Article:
I still remember a cell phone flashlight waving in the distance and judging someone for crossing the two-lane highway on a pitch black night.
I still remember cringing at the crunch beneath my tires, my headlights illuminating bits of broken plastic and glass on the pavement ahead.
Ryan yelling “slow down!” from the passenger seat and then, as we reached the opposite side of the bridge, “pull over!”
I still remember the sound of teenage voices, and once again passing judgment at what I thought was laughter. My heart falling as my brain finally comprehended wailing.
“Why did you do this to us?”
”You’re a drunk!”
And countless other shocked exclamations being shouted in the direction of a smashed car, the exact words having faded from my memory over the past year.
On March 12, 2021, my husband and I rolled up on a head-on collision on Highway 281. We were headed to our property to spend the weekend, this last half-hour stretch usually a source of joy as we approach our home away from home.
The accident had just happened and, on a quiet and dark Friday night, only one other car had stopped. Its driver was the source of the aforementioned flashlight, having run over to check on the wrecked car at the south end of the bridge.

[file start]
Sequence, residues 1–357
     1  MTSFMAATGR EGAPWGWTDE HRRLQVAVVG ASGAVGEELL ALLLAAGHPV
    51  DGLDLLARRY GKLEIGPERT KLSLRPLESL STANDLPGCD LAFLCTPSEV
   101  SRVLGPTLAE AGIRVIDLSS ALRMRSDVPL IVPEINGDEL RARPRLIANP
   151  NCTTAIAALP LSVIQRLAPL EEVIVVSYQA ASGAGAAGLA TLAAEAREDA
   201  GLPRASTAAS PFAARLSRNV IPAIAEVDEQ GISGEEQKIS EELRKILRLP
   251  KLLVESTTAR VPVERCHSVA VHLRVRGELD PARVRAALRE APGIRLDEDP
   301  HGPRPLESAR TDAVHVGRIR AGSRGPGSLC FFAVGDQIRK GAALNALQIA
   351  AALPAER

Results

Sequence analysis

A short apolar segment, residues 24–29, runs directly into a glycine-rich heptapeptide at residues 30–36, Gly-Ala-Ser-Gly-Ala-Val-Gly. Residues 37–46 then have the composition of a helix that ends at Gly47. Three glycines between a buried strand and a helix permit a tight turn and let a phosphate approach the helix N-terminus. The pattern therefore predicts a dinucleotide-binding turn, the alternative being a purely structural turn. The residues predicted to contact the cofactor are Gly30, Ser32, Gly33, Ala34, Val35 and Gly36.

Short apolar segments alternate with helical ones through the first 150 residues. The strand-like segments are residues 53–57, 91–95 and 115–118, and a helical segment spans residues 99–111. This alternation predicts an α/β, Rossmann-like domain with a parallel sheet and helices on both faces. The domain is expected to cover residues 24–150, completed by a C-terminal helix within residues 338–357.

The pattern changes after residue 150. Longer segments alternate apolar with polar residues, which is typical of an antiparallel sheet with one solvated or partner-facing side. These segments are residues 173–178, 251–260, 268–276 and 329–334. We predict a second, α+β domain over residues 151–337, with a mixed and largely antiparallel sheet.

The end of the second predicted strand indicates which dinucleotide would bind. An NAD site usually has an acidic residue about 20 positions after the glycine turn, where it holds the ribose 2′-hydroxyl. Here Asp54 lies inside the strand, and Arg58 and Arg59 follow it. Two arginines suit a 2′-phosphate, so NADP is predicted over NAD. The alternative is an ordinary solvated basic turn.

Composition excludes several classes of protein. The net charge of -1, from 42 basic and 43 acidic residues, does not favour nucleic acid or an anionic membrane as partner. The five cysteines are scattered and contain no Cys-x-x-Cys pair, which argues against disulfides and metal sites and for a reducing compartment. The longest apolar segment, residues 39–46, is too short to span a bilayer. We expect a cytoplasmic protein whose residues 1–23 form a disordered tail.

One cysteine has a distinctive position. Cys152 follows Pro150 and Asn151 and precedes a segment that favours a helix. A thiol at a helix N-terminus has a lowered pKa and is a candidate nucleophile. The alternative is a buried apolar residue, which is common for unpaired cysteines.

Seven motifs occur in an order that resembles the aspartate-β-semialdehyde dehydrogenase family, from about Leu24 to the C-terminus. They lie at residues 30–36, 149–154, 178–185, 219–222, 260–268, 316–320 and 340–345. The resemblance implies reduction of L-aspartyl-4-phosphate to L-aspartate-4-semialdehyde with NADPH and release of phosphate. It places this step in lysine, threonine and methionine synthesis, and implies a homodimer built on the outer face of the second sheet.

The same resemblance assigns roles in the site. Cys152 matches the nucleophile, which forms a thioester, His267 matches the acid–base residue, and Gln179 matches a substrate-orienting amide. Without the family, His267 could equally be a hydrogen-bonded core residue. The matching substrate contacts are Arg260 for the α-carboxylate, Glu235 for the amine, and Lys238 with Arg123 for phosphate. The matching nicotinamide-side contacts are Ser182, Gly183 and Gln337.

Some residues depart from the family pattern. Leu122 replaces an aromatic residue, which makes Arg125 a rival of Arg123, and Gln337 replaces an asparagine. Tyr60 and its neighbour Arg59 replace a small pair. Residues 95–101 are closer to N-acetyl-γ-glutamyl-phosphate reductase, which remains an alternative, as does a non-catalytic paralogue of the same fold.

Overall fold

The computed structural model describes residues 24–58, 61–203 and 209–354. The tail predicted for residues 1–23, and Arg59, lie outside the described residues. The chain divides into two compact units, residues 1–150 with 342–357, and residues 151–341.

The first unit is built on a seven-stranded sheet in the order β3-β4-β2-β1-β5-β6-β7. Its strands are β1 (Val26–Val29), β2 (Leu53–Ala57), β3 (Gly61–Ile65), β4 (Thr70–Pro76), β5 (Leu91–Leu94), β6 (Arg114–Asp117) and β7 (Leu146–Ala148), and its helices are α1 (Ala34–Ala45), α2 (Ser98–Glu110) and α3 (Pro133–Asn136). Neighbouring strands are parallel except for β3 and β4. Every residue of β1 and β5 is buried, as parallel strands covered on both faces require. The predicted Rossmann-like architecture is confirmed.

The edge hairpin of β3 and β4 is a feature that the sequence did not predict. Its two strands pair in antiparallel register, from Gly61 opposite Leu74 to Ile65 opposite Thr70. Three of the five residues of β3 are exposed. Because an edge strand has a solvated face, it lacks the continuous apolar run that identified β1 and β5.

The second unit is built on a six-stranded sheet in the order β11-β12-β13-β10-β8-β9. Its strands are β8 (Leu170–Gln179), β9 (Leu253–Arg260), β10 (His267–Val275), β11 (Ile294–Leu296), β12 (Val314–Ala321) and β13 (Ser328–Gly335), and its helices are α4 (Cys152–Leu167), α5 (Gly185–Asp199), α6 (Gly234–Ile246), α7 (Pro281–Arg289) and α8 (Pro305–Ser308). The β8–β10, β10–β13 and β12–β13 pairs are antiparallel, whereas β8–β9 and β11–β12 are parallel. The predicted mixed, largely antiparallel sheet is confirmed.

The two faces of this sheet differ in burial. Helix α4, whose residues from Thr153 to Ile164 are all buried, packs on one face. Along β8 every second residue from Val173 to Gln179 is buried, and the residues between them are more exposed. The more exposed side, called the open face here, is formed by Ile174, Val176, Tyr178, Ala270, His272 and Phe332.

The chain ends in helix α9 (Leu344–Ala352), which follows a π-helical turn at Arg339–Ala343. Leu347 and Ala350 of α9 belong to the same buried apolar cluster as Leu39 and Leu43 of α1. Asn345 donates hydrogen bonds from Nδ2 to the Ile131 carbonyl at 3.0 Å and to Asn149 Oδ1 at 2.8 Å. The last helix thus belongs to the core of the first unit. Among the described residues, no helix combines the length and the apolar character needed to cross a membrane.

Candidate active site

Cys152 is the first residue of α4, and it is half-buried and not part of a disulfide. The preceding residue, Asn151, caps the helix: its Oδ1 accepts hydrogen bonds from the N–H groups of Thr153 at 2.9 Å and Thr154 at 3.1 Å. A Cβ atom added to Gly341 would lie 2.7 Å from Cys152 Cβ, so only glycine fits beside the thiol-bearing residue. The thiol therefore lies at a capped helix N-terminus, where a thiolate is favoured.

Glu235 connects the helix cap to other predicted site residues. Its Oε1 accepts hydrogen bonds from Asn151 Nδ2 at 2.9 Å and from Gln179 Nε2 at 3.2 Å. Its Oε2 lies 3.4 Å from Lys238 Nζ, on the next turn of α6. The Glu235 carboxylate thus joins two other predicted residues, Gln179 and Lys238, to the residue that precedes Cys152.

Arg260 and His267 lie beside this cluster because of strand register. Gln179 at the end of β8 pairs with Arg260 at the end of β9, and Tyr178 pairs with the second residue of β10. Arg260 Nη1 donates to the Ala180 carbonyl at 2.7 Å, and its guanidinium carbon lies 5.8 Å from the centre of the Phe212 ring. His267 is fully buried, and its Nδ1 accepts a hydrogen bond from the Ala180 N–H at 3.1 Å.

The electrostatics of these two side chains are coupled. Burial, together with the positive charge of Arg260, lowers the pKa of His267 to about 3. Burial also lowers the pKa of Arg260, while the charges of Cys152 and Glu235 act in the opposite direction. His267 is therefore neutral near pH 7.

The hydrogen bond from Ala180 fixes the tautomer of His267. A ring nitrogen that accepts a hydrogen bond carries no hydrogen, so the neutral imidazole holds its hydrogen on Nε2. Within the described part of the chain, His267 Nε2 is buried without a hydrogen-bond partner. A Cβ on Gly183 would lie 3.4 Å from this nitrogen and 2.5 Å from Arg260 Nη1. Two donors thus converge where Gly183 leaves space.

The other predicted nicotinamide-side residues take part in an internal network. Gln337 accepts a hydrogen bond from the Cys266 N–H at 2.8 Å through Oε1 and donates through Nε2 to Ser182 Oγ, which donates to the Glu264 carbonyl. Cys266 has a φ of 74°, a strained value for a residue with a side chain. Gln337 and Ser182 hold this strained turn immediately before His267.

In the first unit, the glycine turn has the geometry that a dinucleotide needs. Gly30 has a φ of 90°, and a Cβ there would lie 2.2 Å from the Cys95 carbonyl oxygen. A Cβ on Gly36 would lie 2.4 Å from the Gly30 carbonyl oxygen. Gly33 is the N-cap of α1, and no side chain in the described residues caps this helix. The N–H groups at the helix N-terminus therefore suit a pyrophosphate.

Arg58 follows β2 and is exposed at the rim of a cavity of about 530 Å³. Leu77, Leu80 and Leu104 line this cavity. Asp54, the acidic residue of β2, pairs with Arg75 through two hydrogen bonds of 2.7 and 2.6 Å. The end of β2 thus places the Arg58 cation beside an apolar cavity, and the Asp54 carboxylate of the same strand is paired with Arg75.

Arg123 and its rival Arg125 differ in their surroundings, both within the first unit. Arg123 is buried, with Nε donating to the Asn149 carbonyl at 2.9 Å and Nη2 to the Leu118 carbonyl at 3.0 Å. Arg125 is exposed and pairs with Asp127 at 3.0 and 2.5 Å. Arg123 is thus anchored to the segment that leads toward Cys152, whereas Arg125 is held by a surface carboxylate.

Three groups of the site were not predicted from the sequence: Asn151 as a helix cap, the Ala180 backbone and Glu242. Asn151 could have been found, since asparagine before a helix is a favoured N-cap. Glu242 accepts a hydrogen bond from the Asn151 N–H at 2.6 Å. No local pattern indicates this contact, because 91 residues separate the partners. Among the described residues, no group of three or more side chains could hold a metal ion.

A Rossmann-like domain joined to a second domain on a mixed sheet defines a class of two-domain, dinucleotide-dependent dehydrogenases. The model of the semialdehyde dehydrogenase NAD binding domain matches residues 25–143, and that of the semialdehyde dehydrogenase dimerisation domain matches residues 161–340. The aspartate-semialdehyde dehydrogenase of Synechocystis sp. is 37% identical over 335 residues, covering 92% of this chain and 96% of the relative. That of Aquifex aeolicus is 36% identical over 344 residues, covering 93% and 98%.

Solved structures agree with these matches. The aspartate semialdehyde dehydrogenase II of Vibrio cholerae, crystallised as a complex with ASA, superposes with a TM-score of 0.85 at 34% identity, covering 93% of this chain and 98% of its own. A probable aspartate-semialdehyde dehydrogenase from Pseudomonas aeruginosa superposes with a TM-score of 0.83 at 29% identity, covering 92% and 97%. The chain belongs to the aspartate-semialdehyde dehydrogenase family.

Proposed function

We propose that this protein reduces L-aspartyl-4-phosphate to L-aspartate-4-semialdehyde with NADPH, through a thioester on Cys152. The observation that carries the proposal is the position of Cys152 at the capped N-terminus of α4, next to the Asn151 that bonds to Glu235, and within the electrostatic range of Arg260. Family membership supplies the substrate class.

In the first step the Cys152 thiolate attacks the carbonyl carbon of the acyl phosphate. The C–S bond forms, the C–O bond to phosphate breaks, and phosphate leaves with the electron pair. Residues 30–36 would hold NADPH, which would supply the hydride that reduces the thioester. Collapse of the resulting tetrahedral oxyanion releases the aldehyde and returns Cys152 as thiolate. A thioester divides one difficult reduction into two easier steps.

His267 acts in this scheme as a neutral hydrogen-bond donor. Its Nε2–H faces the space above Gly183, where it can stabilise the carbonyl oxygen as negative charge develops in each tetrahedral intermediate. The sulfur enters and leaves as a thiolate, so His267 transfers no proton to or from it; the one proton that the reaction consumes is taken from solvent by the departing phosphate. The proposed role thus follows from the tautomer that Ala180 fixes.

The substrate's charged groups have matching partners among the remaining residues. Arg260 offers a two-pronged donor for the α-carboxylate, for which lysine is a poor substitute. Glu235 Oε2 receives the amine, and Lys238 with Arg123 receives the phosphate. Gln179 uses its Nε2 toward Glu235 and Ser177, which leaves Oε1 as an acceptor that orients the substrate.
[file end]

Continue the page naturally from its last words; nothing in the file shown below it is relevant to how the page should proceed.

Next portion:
I never pegged myself a strong resource in case of emergencies (I often faint at the sight of blood), but God stood by me during this incident and allowed me to follow suit with my brave and heroic husband, whose military and nursing background kicked into high gear.
Ryan immediately tended to the driver of the small, smashed sedan. A man was pinned in the driver’s seat, his head lolling as he fell in and out of consciousness. I called 911 and did my best to locate and read a mile marker in the distance, describing our location on this stretch of road more familiar to us than anyone else on the scene. I spoke to a woman who was consoling the two teenage boys who had escaped the car mostly unscathed. Thinking it was a family member, she explained to me that she was just another passerby trying to help.